Fortunately the parent crocodiles were nowhere near so the photo team could get within 1 meter of the babies (less than 2 centimeters wide and not even 1 foot long).

The photo above is a fully adult crocodile in Peten.


Since the lecture, in-person, was at the Museo Popol Vuh, Universidad Francisco Marroquin, Guatemala City, the front cover has their small 3-D ceramic figurine of a smiley crocodile and a smiley bat. Interesting is that NEITHER is shown here as an evil monster. They are shown as friends.

For many years FLAAR had a photo studio installed in the office-research-storage area of the Museo Popol Vuh. Then circa 2000-2004 the UFM assigned a guest visiting professor title to Nicholas Hellmuth and provided office and research space for our team studying advanced digital imaging technology and wide-format inkjet printing. Simultaneously FLAAR and Hellmuth had a comparable position at the College of Technology at Bowling Green State University in Ohio.

This chapter shows 3-dimensional sculptures and ceramic figurines of Maya crocodiles from museums around the world.


This is the shortest chapter in the presentation on Crocodile Iconography. Using drawings by scientific illustrator Luis Molina (FLAAR Mesoamerica) we show two very similar throne room mini-temples on two polychrome vases.


After Izapa several centuries earlier, then come Late Classic portraits of crocodiles in the bas-relief stone sculpture of Copan. Courtesy of IHAH permits and hospitality of Copan area museum staff, park rangers, and local people, we have dedicated our high-resolution digital photography equipment to photographing several key sculptures of Copan, Honduras. Plus the drawings by Barbara Fash, Anne Dowd and other capable illustrators of the Harvard, Peabody Museum projects, plus earlier drawings by Linda Schele help show students and the interested public the range of Crocodile aspects of the symbolism and cosmology of the rulers of Copan during the Late Classic.


Crocodile Trees are my favorite because I am interested in all plants that occur in Classic Maya art. Some Crocodile Trees have leaves and occasionally the tree calabash of Crescentia species (jicaro, morro trees). Other crocodile trees (shown above) have generic leaves of a supernatural plant that is very frequent in both funerals and other aspects of Maya mythology. The drawings by Ayax Moreno and other illustrators of the New World Archaeological Foundation are very helpful for all research on the Crocodile Trees of Izapa, Chiapas, Mexico.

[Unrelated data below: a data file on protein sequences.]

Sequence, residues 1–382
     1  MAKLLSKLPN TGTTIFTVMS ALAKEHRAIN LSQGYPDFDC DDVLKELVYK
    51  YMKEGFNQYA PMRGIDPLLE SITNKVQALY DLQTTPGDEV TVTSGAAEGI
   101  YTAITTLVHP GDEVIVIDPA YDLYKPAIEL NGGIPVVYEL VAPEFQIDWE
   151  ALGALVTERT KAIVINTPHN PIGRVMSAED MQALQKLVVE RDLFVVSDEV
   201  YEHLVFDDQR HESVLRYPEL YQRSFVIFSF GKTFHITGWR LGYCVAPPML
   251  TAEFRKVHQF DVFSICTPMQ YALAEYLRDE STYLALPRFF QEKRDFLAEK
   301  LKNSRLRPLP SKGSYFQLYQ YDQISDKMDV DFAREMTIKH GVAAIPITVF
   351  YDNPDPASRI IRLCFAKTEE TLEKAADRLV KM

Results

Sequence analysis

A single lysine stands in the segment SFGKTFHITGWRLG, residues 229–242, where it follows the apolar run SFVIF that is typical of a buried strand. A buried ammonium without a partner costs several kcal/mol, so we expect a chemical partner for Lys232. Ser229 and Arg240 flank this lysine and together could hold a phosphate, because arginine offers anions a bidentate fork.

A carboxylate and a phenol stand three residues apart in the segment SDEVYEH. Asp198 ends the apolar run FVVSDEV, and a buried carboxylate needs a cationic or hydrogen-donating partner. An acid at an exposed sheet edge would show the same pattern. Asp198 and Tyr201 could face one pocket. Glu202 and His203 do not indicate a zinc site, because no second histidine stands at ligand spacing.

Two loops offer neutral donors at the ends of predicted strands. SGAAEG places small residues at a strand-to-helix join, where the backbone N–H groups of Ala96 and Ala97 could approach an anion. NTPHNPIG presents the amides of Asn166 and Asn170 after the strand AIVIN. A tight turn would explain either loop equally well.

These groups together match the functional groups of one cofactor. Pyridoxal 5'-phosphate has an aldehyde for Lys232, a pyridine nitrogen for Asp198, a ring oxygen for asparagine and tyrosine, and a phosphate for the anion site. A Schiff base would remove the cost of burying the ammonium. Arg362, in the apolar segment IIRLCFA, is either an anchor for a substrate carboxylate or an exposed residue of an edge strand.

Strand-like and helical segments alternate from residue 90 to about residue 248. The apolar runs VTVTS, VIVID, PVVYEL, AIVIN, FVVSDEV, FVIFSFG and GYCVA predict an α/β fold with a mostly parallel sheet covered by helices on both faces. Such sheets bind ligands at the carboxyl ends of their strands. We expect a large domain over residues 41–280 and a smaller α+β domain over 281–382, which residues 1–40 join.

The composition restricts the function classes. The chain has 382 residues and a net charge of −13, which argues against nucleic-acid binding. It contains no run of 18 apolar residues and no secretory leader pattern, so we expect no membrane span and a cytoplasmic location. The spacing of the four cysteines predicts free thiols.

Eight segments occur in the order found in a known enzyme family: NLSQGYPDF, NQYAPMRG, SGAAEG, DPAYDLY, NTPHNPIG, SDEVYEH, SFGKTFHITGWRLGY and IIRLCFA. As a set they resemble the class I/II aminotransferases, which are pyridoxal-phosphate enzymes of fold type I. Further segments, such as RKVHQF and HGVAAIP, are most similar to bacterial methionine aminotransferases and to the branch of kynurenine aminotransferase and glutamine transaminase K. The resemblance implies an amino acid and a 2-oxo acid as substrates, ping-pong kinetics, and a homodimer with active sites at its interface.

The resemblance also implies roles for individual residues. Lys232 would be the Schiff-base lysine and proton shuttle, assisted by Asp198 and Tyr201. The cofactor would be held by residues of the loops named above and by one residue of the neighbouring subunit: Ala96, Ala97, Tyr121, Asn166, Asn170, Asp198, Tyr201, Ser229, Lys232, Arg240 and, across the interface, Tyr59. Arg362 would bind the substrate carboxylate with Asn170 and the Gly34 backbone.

This chapter also shows the Maya Crocodile trees of the Early Classic, Late Classic (Yaxchilan ballplayer panel and Codex Style vases), and Post Classic codices. The drawing by Alexandre Tokovinine of Codex Style vase Crocodile Tree is especially helpful to document the leaves and calabash fruits of a species of genus Crescentia. The drawing by Karl Taube of another Codex Style Crescentia tree (with identical leaves and cauliflorous tree calabash fruits) shows the tree with a variant or relative or composite of Loincloth Apron Face as truck of the tree (page 114). The excellent drawing by Lin Crocker of an Early Classic incised vase shows one of the two most complex scenes of Tzakol mythology of atypically large blackware cylindrical tripods (the Berlin Tripod is the other, but has no crocodiles).

We show the helpful rollout photos by Justin Kerr as well as the digital rollouts by Nicholas Hellmuth (page 106) with medium format scan-back of Better Light mounted on a 4x5” camera with Schneider or Rodenstock lenses of Made in Germany quality.


If you want to get deep into Maya cosmology (world view) of the Sky Above and the Surface of the Underwaterworld below, if you wish to see what iconographers are studying, this chapter will be helpful.

Originally called the Bicephalic Monster and then named the Cosmic Monster, this sky above, waterworld below creature includes features of crocodile, serpent underbelly scale pattern, deer and the Quadripartite Badge Headdress Monster (at the end of the Cosmic Monster). Each site and each century this complex mythical creature changed a bit (depending on what pretense the local king wanted his sculptors to create).

Drawings by Linda Schele of Palenque and other Maya sites are very helpful for illustrating PowerPoint presentations. It is especially helpful that her drawings are available on-line as easy downloads.

These PowerPoint PPTx format downloads are to facilitate your lectures

If you are a professor, you can help yourself to these PowerPoint presentations for your own class (you can also request that Hellmuth give it via Zoom, but that is not a requirement; you can simply use it yourself).

Bibliography, References Cited and additional Suggested Reading on Crocodiles, Caiman of Mesoamerica, and Crocodiles in Maya Art


First posted August 31, 2023 by Nicholas Hellmuth